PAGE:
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Is It Legal For a PI to Record Telephone Calls?

male hands holding phone with incoming call on the screen over a table in the room

Investigating can involve a bit of sleuthing. Sometimes, gathering evidence for a legal matter requires getting someone to admit to something they would never say in court. Can a private investigator legally record someone on a phone call without their consent? The answer turns on state law, and each state is different. Read on to learn about the “eavesdropping” laws in different states. If you are in need of private investigative services, call the savvy and effective intelligence-gathering team at Millennium Intelligence Agency (MIA).

At Least One Party Must Consent to the Recording

Different states have different laws concerning when it’s legal to record a phone call. There are, however, some commonalities: In every state, if all parties to a conversation agree to be recorded, then the recording is legal. If you are on a phone call with someone and you promptly inform them that they are being recorded, and they either explicitly consent or continue talking without objection (tacit consent), you are on strong legal grounds to continue recording without fear.

On the other hand, in just about every state it is illegal to record a conversation to which you are not a party, so long as the parties having the conversation have an expectation of privacy. Unless you represent a law enforcement agency with a warrant to tap a phone, recording someone else’s private phone call is almost always illegal. Not only will that recording be thrown out of court; illegally recording someone else’s private conversation is a criminal offense in most states.

It’s worth noting that eavesdropping laws generally apply to private conversations, not public conversations. Typically, parties to a phone call can expect privacy, unless they are talking loudly in a public place. Even then, it may only be legal to record one side of the conversation–the person who is speaking in public.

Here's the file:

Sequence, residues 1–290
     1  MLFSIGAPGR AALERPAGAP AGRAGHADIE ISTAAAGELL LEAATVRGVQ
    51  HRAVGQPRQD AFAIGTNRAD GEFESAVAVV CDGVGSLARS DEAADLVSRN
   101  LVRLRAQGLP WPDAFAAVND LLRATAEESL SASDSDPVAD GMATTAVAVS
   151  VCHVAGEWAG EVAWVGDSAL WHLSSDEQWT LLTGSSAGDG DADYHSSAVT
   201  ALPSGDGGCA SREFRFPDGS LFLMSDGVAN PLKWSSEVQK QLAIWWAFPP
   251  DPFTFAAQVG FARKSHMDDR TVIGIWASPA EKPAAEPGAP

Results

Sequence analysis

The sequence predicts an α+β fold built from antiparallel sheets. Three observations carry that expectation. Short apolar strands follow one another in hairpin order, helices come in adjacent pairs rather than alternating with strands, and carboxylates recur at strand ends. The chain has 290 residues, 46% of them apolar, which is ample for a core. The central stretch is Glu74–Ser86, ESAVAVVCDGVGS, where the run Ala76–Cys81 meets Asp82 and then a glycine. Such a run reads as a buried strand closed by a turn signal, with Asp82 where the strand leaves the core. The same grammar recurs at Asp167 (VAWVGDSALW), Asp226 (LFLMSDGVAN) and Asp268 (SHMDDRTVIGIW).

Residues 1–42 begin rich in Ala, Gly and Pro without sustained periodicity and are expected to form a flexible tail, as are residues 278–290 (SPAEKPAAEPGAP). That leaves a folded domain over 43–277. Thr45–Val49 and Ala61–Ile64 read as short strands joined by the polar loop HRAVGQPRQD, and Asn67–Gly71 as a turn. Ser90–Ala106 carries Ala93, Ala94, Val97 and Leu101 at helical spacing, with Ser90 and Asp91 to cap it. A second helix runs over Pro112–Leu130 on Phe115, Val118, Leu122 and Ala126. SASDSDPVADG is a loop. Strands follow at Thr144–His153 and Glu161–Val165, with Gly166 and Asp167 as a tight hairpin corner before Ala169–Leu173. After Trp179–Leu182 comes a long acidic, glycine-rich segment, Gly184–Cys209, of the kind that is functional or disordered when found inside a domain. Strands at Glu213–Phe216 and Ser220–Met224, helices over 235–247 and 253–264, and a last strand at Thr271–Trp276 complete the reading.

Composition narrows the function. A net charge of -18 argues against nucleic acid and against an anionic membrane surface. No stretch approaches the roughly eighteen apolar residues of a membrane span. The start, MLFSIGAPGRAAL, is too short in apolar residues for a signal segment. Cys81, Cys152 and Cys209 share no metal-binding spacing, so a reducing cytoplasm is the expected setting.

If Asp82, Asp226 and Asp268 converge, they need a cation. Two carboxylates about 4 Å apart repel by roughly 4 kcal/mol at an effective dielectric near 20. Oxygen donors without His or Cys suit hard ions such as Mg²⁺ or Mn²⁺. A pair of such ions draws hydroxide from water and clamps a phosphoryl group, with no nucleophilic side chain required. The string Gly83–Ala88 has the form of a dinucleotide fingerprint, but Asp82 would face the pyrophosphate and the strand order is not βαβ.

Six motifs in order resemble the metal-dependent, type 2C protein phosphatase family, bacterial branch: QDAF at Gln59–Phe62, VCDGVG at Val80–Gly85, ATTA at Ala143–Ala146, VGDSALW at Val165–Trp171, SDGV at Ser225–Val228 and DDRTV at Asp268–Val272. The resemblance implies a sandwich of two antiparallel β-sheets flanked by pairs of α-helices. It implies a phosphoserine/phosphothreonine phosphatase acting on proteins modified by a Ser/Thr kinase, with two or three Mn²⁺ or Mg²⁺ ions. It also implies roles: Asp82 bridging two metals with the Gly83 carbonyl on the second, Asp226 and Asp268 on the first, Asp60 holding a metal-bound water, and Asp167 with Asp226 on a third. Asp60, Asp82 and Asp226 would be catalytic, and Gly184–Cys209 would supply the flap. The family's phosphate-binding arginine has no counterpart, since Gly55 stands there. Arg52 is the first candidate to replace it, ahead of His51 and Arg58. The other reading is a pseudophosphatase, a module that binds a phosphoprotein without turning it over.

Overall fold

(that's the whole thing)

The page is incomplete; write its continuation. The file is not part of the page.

One-Party vs. Two-Party Consent States

If you are a party to a conversation, you might have the right to record the conversation. The legality turns on whether you are in a “one-party consent” or a “two-party consent” state.

In a one-party consent state, a conversation may be recorded so long as at least one participant in the conversation consents to the recording. If one party to the phone call chooses to record the call, then the recording is legal and does not violate the privacy rights of the other party. One-party consent is the predominant rule: 39 states and the District of Columbia are one-party consent. New York, New Jersey, Oregon, Colorado, and many other states employ the one-party consent rule.

A minority of states require two-party consent. Despite the name, two-party consent means all parties to the conversation must consent to the recording. California, Illinois, Massachusetts, Pennsylvania, and Florida are among the states with a two-party consent rule. In California, for example, recording a private conversation or phone call without the consent of all parties involved is a criminal offense, chargeable as either a misdemeanor or a felony depending upon the circumstances. Using a machine to “tap” someone’s phone line is punishable as a separate offense pursuant to California’s prohibition on unlawful wiretapping.

If the conversation is held over the phone and involves people located in different states, the general rule of thumb is to follow the state law with the strictest requirements. If you make a call from New York to a person in California, it’s safer to assume California’s two-party consent rule applies.

If you are performing due diligence in advance of a settlement, gathering evidence for a pending litigation, working to establish a financial profile, or trying to locate a missing party, Millennium Intelligence Agency is ready to offer you vital support. Call our licensed, skilled, and thorough legal investigative team today at 213-986-9888 for experienced and skillful intelligence-gathering services.

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